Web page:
Another problem in making reproducible Schottky barrier diodes is the tendency for preferential reverse bias breakdown to occur at the edges of the metal contact. For this reason, guard rings and other complex structures have been used to prevent current from flowing across the edge portion of the barrier under reverse bias conditions. The edge effects are a result of an increase in the electric field concentration at the periphery of the junction. Typically, the guard rings are of the metal-insulator-semiconductor or the p-n type. Thus, either an insulator or a region of opposite conductivity type circumscribes the edge of the junction. Unfortunately, the use of a guard ring introduces parasitic capacitance and hence decreases the cutoff frequency.
We have developed a process which produces a Schottky barrier device in which the need for a guard ring is obviated. In an illustrative embodiment, an epitaxial layer is formed on a heavily doped substrate, so as to have a doping or carrier concentration which decreases with distance from its interface with the substrate toward its free surface. A masking layer, preferably of silicon dioxide, is then formed on the wafer and etched to define the location of the desired Schottky barrier contact. Then, the exposed portion of the epitaxial layer is oxidized to a predetermined depth, preferably by anodization. Next, the wafer is immersed in a solution which is capable both of etching the oxide formed by anodization and depositing a metal on the semiconductor. Etching of the oxide creates a depression in the exposed epitaxial layer, and thereafter the metal layer is deposited within the depression to form a rectifying contact.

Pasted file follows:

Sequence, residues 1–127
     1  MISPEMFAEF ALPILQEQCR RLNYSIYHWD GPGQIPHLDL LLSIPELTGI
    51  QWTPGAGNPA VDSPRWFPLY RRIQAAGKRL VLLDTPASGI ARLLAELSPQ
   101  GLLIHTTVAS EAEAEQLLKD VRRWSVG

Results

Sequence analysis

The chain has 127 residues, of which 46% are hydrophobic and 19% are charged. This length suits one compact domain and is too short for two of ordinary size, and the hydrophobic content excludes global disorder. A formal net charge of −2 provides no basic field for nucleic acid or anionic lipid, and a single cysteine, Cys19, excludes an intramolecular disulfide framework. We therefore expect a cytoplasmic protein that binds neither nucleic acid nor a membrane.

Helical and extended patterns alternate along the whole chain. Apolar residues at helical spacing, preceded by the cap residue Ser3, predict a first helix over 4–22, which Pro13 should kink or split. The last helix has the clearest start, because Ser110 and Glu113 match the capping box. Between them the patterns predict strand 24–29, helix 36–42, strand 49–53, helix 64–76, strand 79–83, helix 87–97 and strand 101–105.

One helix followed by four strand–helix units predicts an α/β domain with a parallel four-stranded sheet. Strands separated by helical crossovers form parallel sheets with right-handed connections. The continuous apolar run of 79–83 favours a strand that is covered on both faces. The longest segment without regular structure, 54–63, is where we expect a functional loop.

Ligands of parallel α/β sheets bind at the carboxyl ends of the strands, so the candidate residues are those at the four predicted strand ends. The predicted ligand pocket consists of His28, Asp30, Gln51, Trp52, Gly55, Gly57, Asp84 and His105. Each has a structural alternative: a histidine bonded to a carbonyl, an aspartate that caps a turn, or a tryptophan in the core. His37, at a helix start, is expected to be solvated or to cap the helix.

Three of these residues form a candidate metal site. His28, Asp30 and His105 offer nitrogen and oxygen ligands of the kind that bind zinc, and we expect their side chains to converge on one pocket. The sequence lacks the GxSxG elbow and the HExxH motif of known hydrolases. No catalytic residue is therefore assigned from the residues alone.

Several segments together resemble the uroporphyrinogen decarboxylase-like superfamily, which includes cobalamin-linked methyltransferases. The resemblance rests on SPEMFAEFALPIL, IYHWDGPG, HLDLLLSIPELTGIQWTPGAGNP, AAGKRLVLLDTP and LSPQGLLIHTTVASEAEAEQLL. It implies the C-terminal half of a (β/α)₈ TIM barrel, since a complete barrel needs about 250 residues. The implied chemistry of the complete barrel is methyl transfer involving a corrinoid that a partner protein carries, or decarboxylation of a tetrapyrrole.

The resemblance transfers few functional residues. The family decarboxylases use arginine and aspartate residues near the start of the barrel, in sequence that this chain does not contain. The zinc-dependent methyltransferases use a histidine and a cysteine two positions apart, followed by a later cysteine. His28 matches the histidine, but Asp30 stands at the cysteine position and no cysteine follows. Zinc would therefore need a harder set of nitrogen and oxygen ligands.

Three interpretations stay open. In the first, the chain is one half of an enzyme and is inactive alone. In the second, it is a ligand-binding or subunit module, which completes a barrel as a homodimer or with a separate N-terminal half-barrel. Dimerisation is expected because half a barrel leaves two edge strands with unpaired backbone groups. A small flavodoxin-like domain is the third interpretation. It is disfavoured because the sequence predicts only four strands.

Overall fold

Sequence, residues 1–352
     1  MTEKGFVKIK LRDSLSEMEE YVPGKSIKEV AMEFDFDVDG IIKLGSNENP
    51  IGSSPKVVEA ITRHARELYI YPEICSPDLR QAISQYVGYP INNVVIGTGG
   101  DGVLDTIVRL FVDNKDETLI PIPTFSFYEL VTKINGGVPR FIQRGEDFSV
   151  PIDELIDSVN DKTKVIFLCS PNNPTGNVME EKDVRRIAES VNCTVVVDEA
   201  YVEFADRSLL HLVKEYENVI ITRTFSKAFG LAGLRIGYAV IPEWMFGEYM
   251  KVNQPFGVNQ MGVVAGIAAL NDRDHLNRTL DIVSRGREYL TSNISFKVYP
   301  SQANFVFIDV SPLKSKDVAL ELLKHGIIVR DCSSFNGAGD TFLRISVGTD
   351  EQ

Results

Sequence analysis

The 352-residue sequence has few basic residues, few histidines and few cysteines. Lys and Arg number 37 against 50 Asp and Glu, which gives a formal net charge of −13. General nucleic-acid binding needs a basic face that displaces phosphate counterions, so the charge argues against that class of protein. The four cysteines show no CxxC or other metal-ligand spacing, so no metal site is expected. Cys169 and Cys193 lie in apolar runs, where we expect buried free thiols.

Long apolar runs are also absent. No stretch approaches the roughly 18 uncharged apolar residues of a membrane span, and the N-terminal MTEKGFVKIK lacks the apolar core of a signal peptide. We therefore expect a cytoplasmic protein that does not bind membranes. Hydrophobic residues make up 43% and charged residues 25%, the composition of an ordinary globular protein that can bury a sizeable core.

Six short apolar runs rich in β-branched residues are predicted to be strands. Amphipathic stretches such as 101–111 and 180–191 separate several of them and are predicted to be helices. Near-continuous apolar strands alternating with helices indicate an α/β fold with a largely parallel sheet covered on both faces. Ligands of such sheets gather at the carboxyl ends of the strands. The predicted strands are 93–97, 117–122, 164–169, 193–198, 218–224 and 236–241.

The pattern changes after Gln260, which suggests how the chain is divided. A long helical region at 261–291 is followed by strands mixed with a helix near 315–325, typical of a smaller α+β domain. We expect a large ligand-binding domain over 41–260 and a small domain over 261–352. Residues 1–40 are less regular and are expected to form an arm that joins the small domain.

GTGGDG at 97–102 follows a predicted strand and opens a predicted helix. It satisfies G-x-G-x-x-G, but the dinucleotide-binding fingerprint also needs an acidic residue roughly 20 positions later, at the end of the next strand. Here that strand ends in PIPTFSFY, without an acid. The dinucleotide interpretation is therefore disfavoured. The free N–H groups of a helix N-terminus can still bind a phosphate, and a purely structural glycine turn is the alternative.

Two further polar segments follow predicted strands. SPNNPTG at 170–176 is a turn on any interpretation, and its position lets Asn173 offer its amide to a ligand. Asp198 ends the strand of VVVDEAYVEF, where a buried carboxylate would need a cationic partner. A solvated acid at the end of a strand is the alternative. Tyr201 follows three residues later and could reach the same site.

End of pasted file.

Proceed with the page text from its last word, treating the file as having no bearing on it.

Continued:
Because the wafer is immersed in the solution during both the etching and the metal deposition steps, contamination of the metal-semiconductor interface is virtually avoided. The formation of the depression insures that the major surface of the metal-semiconductor interface is located in the interior of the epitaxial layer where the doping concentration is relatively high while the peripheral portions of the interface are generally curved and taper upwardly toward the surface where the dopant concentration is relatively low. With the central portion of the contact located nearest the substrate region, the configuration of the depression and the doping profile together insure voltage punch-through at the central portion of the interface and prevent a preferential breakdown at the periphery of the metal contact.